Wednesday, August 13, 2008

Holding Out for a Hayao

This year’s TIFF lineup is fairly decent as is, with plenty of must-see movies, but there are a few films that I’d be ecstatic to have revealed next Tuesday, when the entire slate is let loose. My top 5 most-wanted movies would be:



5. Julia (Erick Zonca)

Erick Zonca’s been silent since his excellent 1999 feature The Little Thief, so when his Julia premiered at Berlin this year, it was a major event. The reception to the film was mixed, at best, but the sort of partisans it’s attracted have piqued my interest. Recent Oscar-winner Tilda Swinton stars, and she’s never less than interesting on screen, so hopefully TIFF has the good sense to program this, even if might be coming into the festival as damaged goods.



4. Lake Tahoe (Fernando Eimbcke)

Practically everyone loved Duck Season, Fernando Eimbcke’s charming and poignant first feature. Judging by its Cannes and Berlin reception, Lake Tahoe, another minimalist and low-key comedy, is nearly as well-regarded. Judging from its trailer, it seems to have the same kind of slacker protagonists and languid pacing that defined his debut.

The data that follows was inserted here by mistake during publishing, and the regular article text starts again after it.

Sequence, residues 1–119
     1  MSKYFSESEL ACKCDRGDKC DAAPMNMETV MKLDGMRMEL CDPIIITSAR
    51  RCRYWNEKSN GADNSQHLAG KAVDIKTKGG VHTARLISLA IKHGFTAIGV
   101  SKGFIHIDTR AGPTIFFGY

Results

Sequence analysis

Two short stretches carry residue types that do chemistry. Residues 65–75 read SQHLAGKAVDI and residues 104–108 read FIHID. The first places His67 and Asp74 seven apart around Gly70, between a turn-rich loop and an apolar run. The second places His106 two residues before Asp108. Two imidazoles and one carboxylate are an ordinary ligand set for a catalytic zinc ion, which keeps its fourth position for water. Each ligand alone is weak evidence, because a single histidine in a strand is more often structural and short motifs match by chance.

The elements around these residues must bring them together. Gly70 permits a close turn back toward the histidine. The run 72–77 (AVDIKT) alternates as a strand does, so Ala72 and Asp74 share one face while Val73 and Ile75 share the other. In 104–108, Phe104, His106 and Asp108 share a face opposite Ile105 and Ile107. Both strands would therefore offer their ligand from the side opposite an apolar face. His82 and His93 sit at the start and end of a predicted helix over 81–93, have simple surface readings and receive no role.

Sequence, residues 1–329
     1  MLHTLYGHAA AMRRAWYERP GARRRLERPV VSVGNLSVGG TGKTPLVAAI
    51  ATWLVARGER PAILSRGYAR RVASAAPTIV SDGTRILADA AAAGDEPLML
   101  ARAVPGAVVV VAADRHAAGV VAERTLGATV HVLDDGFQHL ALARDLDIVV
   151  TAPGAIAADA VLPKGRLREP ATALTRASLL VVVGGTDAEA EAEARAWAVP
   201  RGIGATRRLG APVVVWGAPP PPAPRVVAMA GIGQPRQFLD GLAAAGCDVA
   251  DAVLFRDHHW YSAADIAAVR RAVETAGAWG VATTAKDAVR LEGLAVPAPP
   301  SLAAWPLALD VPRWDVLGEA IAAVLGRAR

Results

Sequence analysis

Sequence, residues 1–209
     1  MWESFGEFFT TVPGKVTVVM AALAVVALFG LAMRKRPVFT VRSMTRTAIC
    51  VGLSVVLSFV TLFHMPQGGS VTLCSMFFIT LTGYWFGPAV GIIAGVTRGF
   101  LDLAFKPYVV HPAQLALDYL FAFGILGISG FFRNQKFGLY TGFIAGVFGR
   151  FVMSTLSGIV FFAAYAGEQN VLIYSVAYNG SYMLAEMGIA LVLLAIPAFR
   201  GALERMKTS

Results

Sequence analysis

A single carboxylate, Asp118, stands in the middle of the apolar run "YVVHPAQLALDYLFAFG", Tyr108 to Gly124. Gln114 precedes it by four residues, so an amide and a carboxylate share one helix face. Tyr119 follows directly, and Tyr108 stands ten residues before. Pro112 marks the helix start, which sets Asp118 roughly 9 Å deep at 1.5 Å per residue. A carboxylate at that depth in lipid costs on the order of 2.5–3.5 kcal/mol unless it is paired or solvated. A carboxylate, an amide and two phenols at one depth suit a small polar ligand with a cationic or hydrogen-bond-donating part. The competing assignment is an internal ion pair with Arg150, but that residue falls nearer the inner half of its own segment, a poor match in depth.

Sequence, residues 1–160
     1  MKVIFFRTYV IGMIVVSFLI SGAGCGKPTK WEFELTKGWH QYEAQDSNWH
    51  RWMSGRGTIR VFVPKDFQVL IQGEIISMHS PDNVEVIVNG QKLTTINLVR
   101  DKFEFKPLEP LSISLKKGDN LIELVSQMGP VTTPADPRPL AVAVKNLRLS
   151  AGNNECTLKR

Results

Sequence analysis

3. Two Lovers (James Gray)

Gray’s woefully underappreciated We Own the Night was a sterling example of the kind of classical filmmaking that’s all too rare these days. Two Lovers, an apparent retread of Visconti’s White Nights got slightly bruised during its premiere at this May’s Cannes Film Festival, but that scarcely matters, as We Own the Night was similarly maligned there. If this doesn’t show at TIFF, it’s not a huge disaster (it’s slated to be released next January), but I can’t say I wouldn’t be a bit disappointed.



2. A Lake (Philippe Grandrieux)

Back in 2002, during my first TIFF trip, one of my most exciting viewing experiences occurred when I watched Philippe Grandrieux’s last film, A New Life. Partly because it clearly incensed the audience, causing them to flee the screening at the (dearly missed) Uptown 2 en masse, and partly because I found Grandrieux’s bleak vision and astounding cinematography to be downright intoxicating, it was a screening to remember. Since then I’ve seen Grandrieux’s Somber, an even more accomplished work, and have been utterly convinced that he is my kind of filmmaker.



1. Ponyo on the Cliff (Hayao Miyazaki)

Already a blockbuster in Japan (taking in $50 million in its first three weekends), this animated feature from master filmmaker and national treasure Miyazaki is reportedly more in line with his kid-friendly My Neighbor Totoro. For many, that might be sound like disappointing news, but I consider Totoro to be the best animated film ever made, so that’s only exponentially increased my frothing demand.

2 comments:

ciaoelor said...

In the beginning of Somber, do you know if the kids were watching a Horror movie? It's a clever scene if they were.

Jeremy Heilman said...

That's the intended effect, but I believe the children were actually watching a puppet show.